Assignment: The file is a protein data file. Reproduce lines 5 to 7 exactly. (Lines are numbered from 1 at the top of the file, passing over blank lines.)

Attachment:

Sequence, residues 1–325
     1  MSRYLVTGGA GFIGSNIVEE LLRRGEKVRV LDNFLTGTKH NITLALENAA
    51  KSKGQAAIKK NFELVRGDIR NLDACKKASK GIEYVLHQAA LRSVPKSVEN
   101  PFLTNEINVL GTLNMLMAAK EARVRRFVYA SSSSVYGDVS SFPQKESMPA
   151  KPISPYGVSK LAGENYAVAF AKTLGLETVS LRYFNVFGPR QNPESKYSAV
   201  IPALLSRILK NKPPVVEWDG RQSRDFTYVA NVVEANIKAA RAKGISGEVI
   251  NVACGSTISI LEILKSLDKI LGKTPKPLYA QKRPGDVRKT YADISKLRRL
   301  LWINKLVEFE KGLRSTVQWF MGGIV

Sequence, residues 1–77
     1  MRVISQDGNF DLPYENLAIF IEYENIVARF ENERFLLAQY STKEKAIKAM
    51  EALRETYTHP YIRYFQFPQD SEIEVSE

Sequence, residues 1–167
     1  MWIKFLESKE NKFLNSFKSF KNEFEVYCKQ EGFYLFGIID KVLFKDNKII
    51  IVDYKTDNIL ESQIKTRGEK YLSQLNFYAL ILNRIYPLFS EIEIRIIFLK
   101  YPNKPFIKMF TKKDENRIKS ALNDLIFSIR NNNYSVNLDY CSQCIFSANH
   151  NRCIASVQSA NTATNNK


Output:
   151  KPISPYGVSK LAGENYAVAF AKTLGLETVS LRYFNVFGPR QNPESKYSAV
   201  IPALLSRILK NKPPVVEWDG RQSRDFTYVA NVVEANIKAA RAKGISGEVI
   251  NVACGSTISI LEILKSLDKI LGKTPKPLYA QKRPGDVRKT YADISKLRRL